When we started talking about making origami cranes for the cover of Kate Gray’s Carry the Sky, our fall release from Forest Avenue Press, I piped up to say I knew how. The designer, Gigi Little, asked me to make some. So I did. And then I made more. And then she crafted them artfully, with lots of time and love and Photoshop effort, into this breathtaking cover:

Carry the Sky Front Cover

An essay I wrote about these cranes, and where the paper came from, is being featured today on Gigi’s blog. Read the whole thing here. Or just read this bit about my beloved paper toilet that met a soggy end, despite how I carefully lined the bowl with Saran Wrap. (I’ve always meant to write an essay about that paper toilet.)

Before that, I made things. At home. An only child, not lonely at all, with popsicle sticks and glitter and pompoms, staples binding my own handwritten books. I made vending machines. I made a paper toilet that one of the neighbor kids used for real. I made cities. It fit that, when offered an array of after-school activities that fifth-grade year, I chose origami over soccer, and began folding neat squares of thin paper into neater, smaller, intricate objects. 

It’s pretty amazing to be involved to this degree in the actual making of a commercial object that is being released on Monday, September 1. I can’t thank Gigi enough for encouraging me to pull out my rusty paper-folding skills and then doing something so lovely with what I made.

And also on the good news front, for this new book that I’ve been working on for fifteen months, and that author Kate worked on for ten years:

hot new release for twitter


It’s a hot new release, according to Amazon, ranked #26 last time I checked, in literary gay and lesbian fiction. It’s about boarding school bullying. Not fitting in. An adult book written with crystalline prose and a mix of heartbreak and humor by an award-winning poet, who I’ve admired for many years from afar and now have the pleasure of publishing.

There’s interior art, too, a series of sixty original illustrations of a crane being folded from a blank piece of paper, illustrations Gigi did based on photographs of mine. Even the ebook features these beautiful pieces thanks to the hard work and patience of our ebook maker Cyrus

Actually, the way the book works matches the process of folding cranes. One chapter builds on the next. There are two teacher protagonists, one female questioning her sexuality and one Asian American male questioning his own sense of ethics, and their stories weave around each other, circling two students who don’t fit in, and taking concepts and phrases and echoing them, embroidering them, always raising the stakes.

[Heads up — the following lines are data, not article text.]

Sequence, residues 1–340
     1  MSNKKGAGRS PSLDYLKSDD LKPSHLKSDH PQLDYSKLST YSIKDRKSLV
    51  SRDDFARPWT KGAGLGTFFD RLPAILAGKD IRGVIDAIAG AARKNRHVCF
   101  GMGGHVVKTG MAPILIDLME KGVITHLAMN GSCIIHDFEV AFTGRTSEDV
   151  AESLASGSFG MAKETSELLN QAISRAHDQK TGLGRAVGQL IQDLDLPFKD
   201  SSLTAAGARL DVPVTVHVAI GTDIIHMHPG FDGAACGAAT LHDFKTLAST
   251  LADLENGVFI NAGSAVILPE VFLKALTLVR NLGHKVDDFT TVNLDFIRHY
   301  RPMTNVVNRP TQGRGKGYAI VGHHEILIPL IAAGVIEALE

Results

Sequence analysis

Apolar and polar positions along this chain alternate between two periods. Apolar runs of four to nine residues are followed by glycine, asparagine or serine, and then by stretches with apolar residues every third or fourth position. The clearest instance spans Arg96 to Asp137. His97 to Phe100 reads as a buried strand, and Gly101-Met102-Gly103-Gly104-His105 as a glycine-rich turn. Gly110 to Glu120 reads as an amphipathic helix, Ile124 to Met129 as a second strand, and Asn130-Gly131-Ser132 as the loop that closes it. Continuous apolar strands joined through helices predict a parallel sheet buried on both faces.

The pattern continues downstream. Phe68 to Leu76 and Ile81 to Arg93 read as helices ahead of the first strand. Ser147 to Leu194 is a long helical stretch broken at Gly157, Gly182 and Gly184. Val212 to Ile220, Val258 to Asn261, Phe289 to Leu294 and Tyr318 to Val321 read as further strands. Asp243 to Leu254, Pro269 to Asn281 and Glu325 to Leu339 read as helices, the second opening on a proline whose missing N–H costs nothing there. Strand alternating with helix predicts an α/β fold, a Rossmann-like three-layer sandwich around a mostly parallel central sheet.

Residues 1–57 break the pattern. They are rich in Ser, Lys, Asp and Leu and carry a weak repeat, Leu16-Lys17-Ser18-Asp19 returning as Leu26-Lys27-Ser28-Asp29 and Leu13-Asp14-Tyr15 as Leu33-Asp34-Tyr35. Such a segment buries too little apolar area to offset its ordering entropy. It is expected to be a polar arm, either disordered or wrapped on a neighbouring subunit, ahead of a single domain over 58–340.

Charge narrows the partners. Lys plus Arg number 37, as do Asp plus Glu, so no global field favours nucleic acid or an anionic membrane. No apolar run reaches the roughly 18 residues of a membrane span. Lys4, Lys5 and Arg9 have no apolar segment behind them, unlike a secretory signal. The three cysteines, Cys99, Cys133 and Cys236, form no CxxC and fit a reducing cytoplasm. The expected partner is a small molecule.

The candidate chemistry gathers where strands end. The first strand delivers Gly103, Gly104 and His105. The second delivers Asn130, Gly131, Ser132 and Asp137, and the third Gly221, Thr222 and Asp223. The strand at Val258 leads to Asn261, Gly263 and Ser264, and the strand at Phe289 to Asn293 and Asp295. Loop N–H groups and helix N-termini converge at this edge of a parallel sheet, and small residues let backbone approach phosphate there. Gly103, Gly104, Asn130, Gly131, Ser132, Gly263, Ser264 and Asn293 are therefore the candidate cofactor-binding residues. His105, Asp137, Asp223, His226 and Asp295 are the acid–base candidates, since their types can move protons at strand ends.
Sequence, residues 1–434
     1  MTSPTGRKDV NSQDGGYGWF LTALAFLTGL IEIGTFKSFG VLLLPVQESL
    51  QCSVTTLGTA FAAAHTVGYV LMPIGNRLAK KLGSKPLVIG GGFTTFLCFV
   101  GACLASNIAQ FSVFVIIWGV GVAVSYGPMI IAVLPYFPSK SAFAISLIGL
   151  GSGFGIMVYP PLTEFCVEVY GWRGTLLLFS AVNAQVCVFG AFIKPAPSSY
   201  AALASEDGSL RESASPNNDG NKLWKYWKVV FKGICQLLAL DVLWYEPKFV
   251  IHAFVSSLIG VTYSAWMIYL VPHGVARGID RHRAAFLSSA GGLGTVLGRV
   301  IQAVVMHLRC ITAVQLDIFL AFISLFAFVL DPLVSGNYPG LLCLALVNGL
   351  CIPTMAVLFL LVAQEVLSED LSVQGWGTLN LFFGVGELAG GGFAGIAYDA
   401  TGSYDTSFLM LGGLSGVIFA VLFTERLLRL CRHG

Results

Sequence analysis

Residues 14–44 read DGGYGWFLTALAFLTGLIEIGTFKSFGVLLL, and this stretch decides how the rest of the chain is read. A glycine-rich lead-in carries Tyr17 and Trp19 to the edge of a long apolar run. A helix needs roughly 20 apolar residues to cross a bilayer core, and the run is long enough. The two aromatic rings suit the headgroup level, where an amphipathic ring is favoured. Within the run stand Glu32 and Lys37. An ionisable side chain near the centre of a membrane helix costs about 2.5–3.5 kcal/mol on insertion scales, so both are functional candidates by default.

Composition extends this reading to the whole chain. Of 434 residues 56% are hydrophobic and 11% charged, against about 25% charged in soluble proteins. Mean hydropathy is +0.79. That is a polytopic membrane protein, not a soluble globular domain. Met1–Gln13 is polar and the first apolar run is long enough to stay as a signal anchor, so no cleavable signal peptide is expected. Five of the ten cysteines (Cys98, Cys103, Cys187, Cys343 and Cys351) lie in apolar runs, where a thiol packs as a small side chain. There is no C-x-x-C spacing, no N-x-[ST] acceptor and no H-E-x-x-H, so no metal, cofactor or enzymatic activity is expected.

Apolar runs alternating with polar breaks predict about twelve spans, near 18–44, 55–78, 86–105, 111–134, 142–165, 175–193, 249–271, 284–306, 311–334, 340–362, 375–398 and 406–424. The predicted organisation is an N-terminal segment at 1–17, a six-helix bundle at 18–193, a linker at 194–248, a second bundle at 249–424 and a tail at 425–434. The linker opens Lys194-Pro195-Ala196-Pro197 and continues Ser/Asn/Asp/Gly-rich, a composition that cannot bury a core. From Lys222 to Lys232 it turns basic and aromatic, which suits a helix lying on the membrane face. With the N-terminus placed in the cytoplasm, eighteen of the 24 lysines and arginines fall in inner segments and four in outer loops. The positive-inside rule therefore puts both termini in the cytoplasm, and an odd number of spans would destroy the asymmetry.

We’re also doing a paperback giveaway on Goodreads right nowIf you read it, let me know! 

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Interviews and List Love

I’ve had a big week or two!

Kate Gray’s new novel, Carry the Sky, which I’m publishing Sept. 1 (hint, it’s available online already), tops a recent list of 11 high school books on Bustle.

Read “11 High School Books That Will Take You Back to Your Days in the Schoolyard.”

The article’s author, Melissa Duclos, wrote:

Narrated in alternating chapters by veteran physics teacher Jack Song and first-year rowing coach Taylor Alta, Carry the Sky, which will be released next month by indie publisher Forest Avenue Press (hooray for indies!), offers a gut-wrenching look at life at a prestigious Delaware boarding school from the teachers’ perspectives. At the start of the school year, Song and Alta are both reeling from tragedy: Song’s sister Kim has died of a rare blood disease while Alta’s best friend and fellow rower has recently drowned in the Schuylkill River. But there are more tragedies for them to face from the students they care for, and subsequently let down. The beauty of the language as the novel grapples with layers of grief is one of the best parts of this book — not surprising from an award-winning author of three collections of poetry. Many books about high school deal with bullying, but few explore the ramifications as deeply as Carry the Sky.   

I was interviewed for a piece on the national website Drive the District, by local freelance writer Jon Bell.

Read “Small Shops Keeping Publishing Alive.” Here’s an excerpt:

“As much as Forest Avenue is about innovative publishing and distribution methods, it’s also got one foot planted firmly in the more traditional world of books: real paper books, author events in local bookstores, titles that steer clear of trendy vampires or the next passing craze. Stanfill said she sees the press growing over the next five years, releasing a few titles each year while continuing to support the authors and titles already in its library.”

Finally, I was interviewed by Trista Cornelius for the Writer’s Craft column in VoiceCatcher, a Portland-area women’s literary magazine, about grammar, and I had the chance to talk about whether an apostrophe could show a character’s misogyny. There are great quotes from many other women writers answering these questions from Trista:

When do grammar rules and “correctness” matter in the writing process? Should first drafts be wild and free, or should you craft one sentence at a time letting subject-verb combinations direct your story?